Friday, May 29, 2009

Wired for Sound

She was sitting on the porch when the bullet passed through her chest, shredded the walls of her heart, and lodged in her spine.

After, they remembered that the sounds were almost simultaneous: the gunshot and Estralita's soft moan before she crumpled and fell to lay on the faded paint and splintery wood.

Then, the sound of a car accelerating very fast through darkened streets.

When the police arrived on the scene, no one knew exactly what had happened. It was twilight, the air was too dim to show the gray car creeping slowly, soundlessly down the street. And, it happened too fast...the shot, the moan, the fall, and the way that Estralita hardly bled, because her blood all spilled on the inside of her chest. No one saw a license plate, and no one could even give an accurate description of the car.

"Who would want to shoot her?" the police asked. No one knew, or if they did, they weren't saying. Her mom's sobs filled the background behind the detectives' questions.

The detectives followed up the next day. Was it rivals from another gang? Was it someone from her gang? Her friends weren't sure. "Maybe," they answered, to every question. "Maybe. Maybe not. We don't know."

The case folder filled with up with interview forms, witness statements, and autopsy photos, but there were no suspects, no leads, and an increasing amount of pressure from the media and the mayor's office for some kind of action. The shell, dug out of one of her vertebrae, was run through drug fire in hopes of matching it with a known gun with no hits. Her picture was flashed on the nightly news on all three channels for three nights in a row. She was smiling like an angel. A reward was offered for information.

But, nothing came of it. The case was a black hole, with no light and no leads.

No one in the department found it acceptable that a sixteen-year-old girl could be killed on her front porch on a summer evening without an arrest being made. The fact that she was beautiful made it even more difficult to contemplate. Such things shouldn't matter, but they do.

Finally, one of the detectives went to the lieutenant with a suggestion.

"What if we bugged her, L.T.? We could maybe hear something that would give us something to go on, anything that might break some possibilities open for us."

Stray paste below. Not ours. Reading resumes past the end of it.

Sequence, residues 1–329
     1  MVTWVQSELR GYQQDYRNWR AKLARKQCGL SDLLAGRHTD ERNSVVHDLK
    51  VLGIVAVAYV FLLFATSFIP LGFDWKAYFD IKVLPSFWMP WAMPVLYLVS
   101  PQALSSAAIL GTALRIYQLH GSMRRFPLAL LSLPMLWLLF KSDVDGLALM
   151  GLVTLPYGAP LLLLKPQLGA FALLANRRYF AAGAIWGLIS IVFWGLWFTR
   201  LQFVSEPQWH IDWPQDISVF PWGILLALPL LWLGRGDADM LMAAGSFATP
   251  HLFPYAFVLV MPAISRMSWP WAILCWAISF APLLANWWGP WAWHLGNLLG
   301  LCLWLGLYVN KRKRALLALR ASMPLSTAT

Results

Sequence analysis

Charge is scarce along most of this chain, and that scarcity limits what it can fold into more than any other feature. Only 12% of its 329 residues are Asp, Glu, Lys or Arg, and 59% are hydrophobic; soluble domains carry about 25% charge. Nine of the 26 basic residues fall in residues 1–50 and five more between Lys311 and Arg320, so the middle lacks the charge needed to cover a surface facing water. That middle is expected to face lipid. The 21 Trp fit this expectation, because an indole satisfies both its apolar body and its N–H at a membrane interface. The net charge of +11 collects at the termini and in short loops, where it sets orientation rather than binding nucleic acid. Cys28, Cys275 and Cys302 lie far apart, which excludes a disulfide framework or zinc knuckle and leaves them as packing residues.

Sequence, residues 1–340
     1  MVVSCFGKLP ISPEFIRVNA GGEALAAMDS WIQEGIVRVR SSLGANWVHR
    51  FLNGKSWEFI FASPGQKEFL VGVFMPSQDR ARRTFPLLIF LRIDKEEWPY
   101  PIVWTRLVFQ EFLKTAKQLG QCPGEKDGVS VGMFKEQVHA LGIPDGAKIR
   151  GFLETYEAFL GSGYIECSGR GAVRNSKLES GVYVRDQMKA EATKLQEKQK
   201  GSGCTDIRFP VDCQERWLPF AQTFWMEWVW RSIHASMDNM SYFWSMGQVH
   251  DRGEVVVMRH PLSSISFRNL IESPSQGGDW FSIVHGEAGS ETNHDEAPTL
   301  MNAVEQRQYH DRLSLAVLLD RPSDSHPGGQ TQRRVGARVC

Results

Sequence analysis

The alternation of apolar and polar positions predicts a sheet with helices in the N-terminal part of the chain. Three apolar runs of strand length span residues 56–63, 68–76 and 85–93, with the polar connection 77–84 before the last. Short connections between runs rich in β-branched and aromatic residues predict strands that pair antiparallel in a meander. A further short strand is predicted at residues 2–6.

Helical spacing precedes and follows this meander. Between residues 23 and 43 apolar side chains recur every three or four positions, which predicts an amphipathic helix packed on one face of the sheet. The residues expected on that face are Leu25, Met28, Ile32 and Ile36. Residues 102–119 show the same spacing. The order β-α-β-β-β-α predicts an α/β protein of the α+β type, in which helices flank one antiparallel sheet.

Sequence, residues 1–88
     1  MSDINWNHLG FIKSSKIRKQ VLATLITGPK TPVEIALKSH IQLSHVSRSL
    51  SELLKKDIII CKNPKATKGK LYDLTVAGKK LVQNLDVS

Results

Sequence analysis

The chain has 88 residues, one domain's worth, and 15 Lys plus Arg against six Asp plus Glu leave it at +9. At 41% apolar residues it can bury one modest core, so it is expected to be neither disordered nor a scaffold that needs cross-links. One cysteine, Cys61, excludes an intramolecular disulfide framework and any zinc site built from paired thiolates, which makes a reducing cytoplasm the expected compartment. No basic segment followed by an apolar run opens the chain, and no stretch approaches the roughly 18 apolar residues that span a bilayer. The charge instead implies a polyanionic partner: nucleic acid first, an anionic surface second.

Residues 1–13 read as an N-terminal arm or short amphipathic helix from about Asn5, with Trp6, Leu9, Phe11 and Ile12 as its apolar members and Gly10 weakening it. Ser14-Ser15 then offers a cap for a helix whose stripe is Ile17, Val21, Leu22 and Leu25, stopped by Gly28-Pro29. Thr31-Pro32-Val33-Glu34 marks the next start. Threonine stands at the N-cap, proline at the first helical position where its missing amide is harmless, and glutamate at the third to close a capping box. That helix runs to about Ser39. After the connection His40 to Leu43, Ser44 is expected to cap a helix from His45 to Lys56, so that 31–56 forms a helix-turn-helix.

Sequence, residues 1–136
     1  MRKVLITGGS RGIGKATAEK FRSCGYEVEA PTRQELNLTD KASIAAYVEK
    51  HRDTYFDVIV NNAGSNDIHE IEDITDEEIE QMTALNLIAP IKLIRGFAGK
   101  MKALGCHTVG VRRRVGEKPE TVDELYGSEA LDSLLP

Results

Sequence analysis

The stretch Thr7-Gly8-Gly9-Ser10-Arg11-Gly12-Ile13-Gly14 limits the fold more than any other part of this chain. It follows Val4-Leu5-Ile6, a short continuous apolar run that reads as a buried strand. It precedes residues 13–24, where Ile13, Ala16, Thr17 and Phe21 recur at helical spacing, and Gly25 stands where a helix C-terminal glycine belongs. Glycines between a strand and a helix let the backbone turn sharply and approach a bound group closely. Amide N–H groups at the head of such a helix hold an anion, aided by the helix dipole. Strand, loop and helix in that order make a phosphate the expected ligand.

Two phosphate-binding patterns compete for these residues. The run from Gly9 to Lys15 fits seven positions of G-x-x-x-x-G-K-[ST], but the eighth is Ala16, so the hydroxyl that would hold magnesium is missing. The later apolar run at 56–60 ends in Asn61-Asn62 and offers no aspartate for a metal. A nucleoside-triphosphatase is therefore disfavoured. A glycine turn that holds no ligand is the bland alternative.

The lieutenant thought it over. "Ask her family," he told them. "If it's okay with the family, then do it."

The detectives met with the victim's mother. She agreed. Anything to get the person who had killed her daughter.

Estrelita's body was prepared at the funeral home. There was no obvious trauma, nothing to show that she'd died violently, so unlike many shootings, her casket would be open for the funeral. Her mother dressed her in a white dress, with lace, sleeping beauty in a satin-lined coffin.

The female crime tech wired the bug into her dark hair, and wound the wires down beneath her body to hide them. She sound-checked the microphone until it broadcast clearly.

Estrelita was wired for sound. She was the trap to catch a shooter.

The viewing was on a Thursday evening. By five, the parking lot was full. Three detectives loitered by the front door, in the lobby, watching. Sometimes, they spoke, when kids passed by that they knew. A few times, they traded conversations with one or two of the older members of QVO. Two other detectives walked through the parking lot, photographing cars and writing down license numbers.

To the accompaniment of soft organ music, a parade of gang members passed through the doors of the funeral home to pay their respects. Several, both boys and girls, wore custom made shirts with "RIP Shy Girl" (Estralita's nickname) in olde English letters.

As they passed through the viewing line, they left offerings: brown brown bandannas and rosaries and flowers and notes that lined the inside of the coffin, next to Estralita's body.

Several of the teenagers and young adults leaned close and whispered words to Estralita, or kissed her face or hands.

All the while, the spindles in the recorder under the coffin circled, quietly, so quietly that no one even heard.

(to be continued later)


Mongoliangirl said...

Wow! Sad and such a mystery.
They say the dead speak for themselves via criminalistics all the time, but this is a different kind of 'speaking' entirely.
Can't wait for the finish.

SciFi Dad said...

Woah... definitely one of your better cliffhangers so far.

Gwen said...

When I saw the "to be continued" I audibly sighed. WHAT HAPPENED? Did they catch her killer?

scotty66 said...

what happened next?

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